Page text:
WHEN Chris Morris stepped onto the court for practice Wednesday afternoon, he was innundated by reporters, not to mention cameras, pens, tape recorders and, naturally, questions. Questions about his productive game Tuesday night. Questions about his impressive defense. And, naturally, questions about the Jazz's chances this year in the playoffs.
Interviews are nothing new to Morris. Having spent seven years in New Jersey, he's seen more microphones than Frank Sinatra. But not under the same circumstances. And not answering the same questions.The Jazz enter Game 2 of their Western Conference semifinal series with the Spurs in an unexpected position - leading the series. Which wasn't supposed to happen. Working on just one day's rest, the Jazz were supposed to come into Tuesday night's game looking like they'd spent a week in the sauna. They were supposed to be tired and drained and generally not ready to go on to the next round. Instead, they jumped to an 18-point lead in the first quarter on their way to a 95-75 win over San Antonio.Spurs fans and media reacted like someone had set fire to the Alamo. There was shock and disbelief all around. Most of the questioning in Wednesday's interview session was centered around how the Spurs could have let it happen.
In large part, the Jazz win was due to an unexpectedly strong performance from Morris, who can be as unpredictable as a rattlesnake. When he plays well, the Jazz are coming from every direction. When he doesn't, you have to wonder if he's ever going to get seven years in a dog pound called New Jersey out of his system.
"Chris can explode for 27 at any time," said Spurs' guard Avery Johnson. "He's one of those hot and cold guys. He can go off at any time. We just hope we can catch him on one of those 1-for-15 nights."
It isn't like Morris hasn't had his share of bad nights since moving to Utah. Through the first four games of the first round of the playoffs, he looked like he'd overdosed on Sominex. In Game 1 he played only five minutes, which was enough to convince Jazz coach Jerry Sloan that Morris wasn't going to be a factor. He ended up missing all four shots he took.
Games 2, 3 and 4 were more of the same. He was 1-2 from the field in five minutes in Game 2, followed by a 0-for-2 night in four minutes in Game 3. Game 4 was another 0-for-4 night. Morris' shots were hitting the glass like they'd been launched from a bazooka. However, he did produce six rebounds, which accounted for his 15 minutes of playing time.
But in the last two games Morris has been reminding the Jazz why they signed him as a free agent over the summer. In Game 5 against the Blazers he made two consecutive 3-pointers to ignite a 38-point win. He also had five rebounds and eight points in 19 minutes.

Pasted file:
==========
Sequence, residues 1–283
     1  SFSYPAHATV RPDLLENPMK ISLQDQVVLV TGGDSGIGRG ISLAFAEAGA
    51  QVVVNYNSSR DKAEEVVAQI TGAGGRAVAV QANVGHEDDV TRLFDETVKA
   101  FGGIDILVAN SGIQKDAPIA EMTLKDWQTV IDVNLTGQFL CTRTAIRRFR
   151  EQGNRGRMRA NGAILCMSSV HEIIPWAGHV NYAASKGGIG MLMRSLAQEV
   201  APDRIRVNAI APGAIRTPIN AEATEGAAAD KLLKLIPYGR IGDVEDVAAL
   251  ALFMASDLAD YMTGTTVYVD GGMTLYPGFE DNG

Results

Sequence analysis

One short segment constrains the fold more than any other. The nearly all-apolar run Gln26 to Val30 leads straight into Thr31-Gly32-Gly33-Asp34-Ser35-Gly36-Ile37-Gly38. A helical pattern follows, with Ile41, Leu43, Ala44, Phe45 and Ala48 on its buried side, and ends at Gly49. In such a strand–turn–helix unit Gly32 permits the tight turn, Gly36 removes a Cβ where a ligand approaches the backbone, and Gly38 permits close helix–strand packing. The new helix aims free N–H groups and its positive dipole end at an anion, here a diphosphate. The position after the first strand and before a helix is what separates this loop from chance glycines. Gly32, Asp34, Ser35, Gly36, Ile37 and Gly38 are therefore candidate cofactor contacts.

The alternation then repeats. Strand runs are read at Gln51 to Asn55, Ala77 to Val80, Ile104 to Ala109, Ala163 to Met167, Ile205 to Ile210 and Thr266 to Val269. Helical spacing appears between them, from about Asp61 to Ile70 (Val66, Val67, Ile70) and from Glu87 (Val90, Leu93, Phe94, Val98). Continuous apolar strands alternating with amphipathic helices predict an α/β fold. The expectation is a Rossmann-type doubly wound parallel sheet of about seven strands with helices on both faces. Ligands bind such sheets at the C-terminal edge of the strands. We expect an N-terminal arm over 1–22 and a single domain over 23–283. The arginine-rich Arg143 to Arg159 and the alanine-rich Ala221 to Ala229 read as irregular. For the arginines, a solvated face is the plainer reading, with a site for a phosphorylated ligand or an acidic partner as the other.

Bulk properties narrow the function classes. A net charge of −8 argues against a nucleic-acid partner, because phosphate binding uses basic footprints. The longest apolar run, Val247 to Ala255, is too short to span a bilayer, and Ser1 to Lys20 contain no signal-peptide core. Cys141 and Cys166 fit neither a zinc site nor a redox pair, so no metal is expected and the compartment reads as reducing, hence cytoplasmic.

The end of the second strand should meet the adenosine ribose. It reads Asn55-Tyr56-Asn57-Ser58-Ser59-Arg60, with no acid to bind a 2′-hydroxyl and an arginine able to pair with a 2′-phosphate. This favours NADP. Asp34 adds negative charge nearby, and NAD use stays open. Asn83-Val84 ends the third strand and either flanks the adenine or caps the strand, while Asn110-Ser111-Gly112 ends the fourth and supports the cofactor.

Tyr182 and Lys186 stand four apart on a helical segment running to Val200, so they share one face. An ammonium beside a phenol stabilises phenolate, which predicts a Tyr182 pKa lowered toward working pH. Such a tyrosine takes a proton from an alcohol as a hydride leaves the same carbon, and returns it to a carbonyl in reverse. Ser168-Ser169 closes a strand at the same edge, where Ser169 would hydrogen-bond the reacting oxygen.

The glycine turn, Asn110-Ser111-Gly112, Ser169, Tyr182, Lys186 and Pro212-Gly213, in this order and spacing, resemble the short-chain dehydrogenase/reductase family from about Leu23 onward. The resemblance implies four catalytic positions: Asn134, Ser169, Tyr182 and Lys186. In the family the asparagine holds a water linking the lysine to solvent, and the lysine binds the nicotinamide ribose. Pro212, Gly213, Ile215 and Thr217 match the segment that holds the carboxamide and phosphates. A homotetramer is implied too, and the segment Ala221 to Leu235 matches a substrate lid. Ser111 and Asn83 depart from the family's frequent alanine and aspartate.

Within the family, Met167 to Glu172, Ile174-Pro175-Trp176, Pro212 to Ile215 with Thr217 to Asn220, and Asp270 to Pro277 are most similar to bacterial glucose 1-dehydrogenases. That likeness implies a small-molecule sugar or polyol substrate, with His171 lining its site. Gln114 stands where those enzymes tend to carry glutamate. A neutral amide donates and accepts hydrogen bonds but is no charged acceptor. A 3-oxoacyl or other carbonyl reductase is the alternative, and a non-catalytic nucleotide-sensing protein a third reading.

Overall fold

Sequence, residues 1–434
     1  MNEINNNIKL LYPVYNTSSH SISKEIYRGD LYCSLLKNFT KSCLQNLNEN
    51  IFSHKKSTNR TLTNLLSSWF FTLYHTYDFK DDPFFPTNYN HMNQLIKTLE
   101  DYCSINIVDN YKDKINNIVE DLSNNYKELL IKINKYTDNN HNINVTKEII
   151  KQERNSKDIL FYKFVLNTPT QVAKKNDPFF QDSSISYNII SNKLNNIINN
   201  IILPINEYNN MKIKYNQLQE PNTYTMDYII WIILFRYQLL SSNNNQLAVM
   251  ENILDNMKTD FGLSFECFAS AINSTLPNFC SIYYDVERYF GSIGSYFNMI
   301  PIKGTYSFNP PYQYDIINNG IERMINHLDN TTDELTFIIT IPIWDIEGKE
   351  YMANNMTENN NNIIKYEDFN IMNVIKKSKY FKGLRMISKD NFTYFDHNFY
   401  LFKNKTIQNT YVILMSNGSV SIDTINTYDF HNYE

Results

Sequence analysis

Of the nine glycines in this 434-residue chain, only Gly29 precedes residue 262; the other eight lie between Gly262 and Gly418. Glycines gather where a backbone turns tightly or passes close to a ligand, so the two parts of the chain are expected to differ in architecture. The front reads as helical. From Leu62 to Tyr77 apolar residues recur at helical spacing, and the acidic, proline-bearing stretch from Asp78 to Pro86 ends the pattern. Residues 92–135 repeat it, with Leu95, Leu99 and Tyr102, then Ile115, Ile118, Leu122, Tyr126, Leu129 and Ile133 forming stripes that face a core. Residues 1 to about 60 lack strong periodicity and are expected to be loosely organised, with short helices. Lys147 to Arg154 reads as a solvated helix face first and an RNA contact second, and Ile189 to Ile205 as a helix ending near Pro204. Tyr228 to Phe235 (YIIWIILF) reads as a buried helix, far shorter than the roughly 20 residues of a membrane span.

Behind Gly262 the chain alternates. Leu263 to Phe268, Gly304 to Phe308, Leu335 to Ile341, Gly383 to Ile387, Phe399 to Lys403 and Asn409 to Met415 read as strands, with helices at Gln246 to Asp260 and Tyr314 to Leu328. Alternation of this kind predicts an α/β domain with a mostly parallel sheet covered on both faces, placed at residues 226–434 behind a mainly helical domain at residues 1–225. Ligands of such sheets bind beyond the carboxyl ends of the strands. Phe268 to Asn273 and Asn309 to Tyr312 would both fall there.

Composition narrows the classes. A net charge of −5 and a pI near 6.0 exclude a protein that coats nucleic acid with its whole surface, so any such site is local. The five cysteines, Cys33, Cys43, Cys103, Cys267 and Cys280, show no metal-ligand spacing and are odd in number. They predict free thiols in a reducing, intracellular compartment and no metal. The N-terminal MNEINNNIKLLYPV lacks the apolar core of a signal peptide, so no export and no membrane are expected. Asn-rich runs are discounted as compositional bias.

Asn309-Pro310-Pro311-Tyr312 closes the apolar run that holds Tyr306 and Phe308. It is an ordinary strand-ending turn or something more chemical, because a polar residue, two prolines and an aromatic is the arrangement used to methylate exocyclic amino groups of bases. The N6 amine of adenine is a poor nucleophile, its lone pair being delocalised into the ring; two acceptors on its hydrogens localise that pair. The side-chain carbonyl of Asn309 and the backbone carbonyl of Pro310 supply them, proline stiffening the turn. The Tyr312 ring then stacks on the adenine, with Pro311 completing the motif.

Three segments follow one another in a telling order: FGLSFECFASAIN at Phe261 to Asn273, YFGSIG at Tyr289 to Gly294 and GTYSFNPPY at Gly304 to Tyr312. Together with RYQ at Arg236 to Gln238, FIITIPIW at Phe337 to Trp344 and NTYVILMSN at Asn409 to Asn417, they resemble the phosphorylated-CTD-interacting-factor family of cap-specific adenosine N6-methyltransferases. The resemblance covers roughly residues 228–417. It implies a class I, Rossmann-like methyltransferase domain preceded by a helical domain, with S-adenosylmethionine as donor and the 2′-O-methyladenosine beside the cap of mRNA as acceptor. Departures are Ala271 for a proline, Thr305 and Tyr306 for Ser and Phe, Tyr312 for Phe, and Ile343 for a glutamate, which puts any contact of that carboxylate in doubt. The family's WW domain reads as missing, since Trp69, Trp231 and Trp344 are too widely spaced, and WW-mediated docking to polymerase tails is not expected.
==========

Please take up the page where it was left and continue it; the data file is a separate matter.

Tuesday was Morris' best performance yet. He logged 22 minutes, making six of 11 shots, including a 3-pointer, for 13 points. More significantly, he held the Spurs' All-Star forward Sean Elliott to 14 points and just two field goals.
Consequently, these days the Jazz are feeling as confident as car salesmen. They're ready to take on all comers. When their usual stars - John Stockton, Karl Malone, Jeff Hornacek - are rolling, they're dangerous. When Morris is playing well, they're bulletproof.
"When Morris and (David) Benoit and (Bryon) Russell are making shots, well, that's what that team has needed for a long time is to have another consistent scorer," said Spurs coach Bob Hill.
Predictably, Morris isn't anxious to label himself as the key factor in the Jazz's playoff hopes. After a seven-year internship under the original malcontent himself, Derrick Coleman, he may not be sure exactly what he can do. It's like taking music lessons from Kathy Lee Gifford. It takes time to get rid of old habits. While he was with the Nets, Morris missed practices, asked to be traded and showed all the enthusiasm of a sleeping cat.
But when he came to Utah, he insisted he always wanted to play; that being with a contender was the jump-start he needed. "I'm glad I'm here," he said. "If I was still in New Jersey, I could be looking at the playoffs from, well, anybody's home."
So as the playoffs roll along, the Jazz continue to hold their breath, hoping Morris will keep getting better. Hoping that his productive nights will stop coming in spurts and start coming in waves. And hoping that once this is all over, they won't have to explain why they signed him in the first place.